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'Help us': Arizona's top health leaders plead for public caution as COVID-19 overwhelms hospitals again

Health officials expect COVID-19 cases and deaths to rise for the next four to six weeks. Medical leaders offer a strong plea for public buy-in for COVID vaccines.

PHOENIX — It feels like deja vu for health care workers across the state. 

Arizona's COVID-19 cases, deaths, hospital bed and ventilator usage are at the highest levels the state has experienced in the past six months. 

Just days before Thanksgiving, the state is seeing worse numbers than last year. 

A plea for help from Arizona's top health leaders

“What we are doing today is pleading with America that it’s not about you," former U.S. Surgeon General and Arizona's top health official Dr. Richard Carmona explained. "It’s about you, your family, your community, our state, the nation and the world. Because if we cannot achieve herd immunity globally, this virus will continue." 

On Friday, the Arizona Department of Health Services and medical leaders from Arizona hospitals pleaded with the public to listen to the science as hospitals are overwhelmed by unvaccinated patients. 

“Fifty percent of our patients in the ICU on ventilators today are COVID-positive," said Banner Health Chief Medical Officer Dr. Marjorie Bessel. "If we didn’t have those patients, we would have more than enough room for all of the other patients we are talking about that need us today.” 

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Dire COVID-19 numbers inside Arizona hospitals 

Statewide there are only 35% of emergency beds open for both COVID and non-COVID patients, along with eight percent of inpatient beds and six percent of ICU beds. COVID-19 intubations are up 61% in the last five days. 

Hospitals are also facing staffing issues. 

"Even if we have an available bed, doesn't mean we have the staff to care for that bed," said Carmona.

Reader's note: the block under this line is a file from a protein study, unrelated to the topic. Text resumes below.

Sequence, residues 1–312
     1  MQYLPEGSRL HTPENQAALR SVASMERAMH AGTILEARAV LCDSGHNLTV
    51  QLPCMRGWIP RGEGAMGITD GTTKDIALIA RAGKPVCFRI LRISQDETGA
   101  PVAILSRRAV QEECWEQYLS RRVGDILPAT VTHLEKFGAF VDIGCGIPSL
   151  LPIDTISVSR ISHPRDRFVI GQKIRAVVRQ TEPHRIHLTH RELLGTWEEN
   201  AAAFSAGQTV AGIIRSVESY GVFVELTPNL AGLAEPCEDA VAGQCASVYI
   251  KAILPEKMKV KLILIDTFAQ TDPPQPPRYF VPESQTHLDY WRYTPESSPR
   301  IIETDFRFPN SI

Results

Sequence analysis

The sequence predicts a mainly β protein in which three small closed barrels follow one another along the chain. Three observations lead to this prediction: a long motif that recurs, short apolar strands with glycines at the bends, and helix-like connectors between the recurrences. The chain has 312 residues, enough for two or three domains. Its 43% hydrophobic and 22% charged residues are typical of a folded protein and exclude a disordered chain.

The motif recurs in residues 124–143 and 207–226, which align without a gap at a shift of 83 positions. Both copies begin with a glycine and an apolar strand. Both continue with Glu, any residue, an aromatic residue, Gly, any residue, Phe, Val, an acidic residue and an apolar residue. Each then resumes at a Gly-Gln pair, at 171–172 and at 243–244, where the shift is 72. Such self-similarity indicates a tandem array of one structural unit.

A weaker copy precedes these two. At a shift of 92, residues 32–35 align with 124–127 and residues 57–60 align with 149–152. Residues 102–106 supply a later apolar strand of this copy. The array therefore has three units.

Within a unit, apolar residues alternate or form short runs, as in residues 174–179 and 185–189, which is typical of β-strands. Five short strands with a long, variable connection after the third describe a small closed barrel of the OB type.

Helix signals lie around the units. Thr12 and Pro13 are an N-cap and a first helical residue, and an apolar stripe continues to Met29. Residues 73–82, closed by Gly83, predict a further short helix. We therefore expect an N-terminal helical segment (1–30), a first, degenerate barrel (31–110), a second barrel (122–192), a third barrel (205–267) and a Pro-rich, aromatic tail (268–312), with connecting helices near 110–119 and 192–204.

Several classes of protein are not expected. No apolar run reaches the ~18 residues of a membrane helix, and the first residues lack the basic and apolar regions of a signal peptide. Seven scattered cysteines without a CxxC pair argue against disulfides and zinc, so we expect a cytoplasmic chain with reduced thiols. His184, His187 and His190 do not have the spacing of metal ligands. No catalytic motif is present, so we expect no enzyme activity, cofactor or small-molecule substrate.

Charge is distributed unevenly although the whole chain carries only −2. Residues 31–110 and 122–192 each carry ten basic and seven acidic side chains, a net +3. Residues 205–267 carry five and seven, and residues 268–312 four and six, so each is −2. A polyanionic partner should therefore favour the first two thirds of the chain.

The impact on rural hospitals is even more desperate.

"We are having problems," Dr. Edward Miller with Copper Queen Community Hospital explained.

The small rural hospital has closed its emergency room because it currently can not fully care for patients. 

"Routine care is being delayed," Carmona said. 

RELATED: Coronavirus‌ ‌in‌ ‌Arizona:‌ ‌COVID-19 cases for the week of Nov. 22

Where is Ducey? 

On Wednesday, Gov. Doug Ducey was asked about the crisis facing his state's hospitals.

“It does appear seeing the data over the past several weeks that there is another wave on its way," the governor said. "The highest level of effectiveness to protect people is the vaccine.”   

While that may be true, Ducey has strongly opposed mandates of any kind. 

According to the White House, 95% of Federal employees have already adhered to the Covid-19 vaccine mandate before the January deadline.

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Will the vaccine save Arizona? 

“Will the vaccines save Arizona? No, it’s too late for that. We are far too in,” UArizona Public Health Director Dr. Joe Gerald said. 

Gerald said it's now on the individual to stop the spread of Covid-19. 

“Right now it’s the non-pharmacologic interventions that are going to have the most impact; mask-wearing and avoiding high-risk areas,” Gerald said. 

He anticipates an increase in cases and deaths through January along with the virus becoming a seasonal burden for Arizona hospitals for the next two to five years. 

Gerald says there is hope with the development of oral treatments for COVID-19 positive patients from Pfizer and Merck. 

“Over time that burden will become less and less as more people essentially build up their immunity against severe illness,” Gerald said.    

A clear message is for Arizona health leaders    

"We need your help to solve this problem," Carmona explained. "Even with the best ideas, we can’t do it without the public helping us.”   

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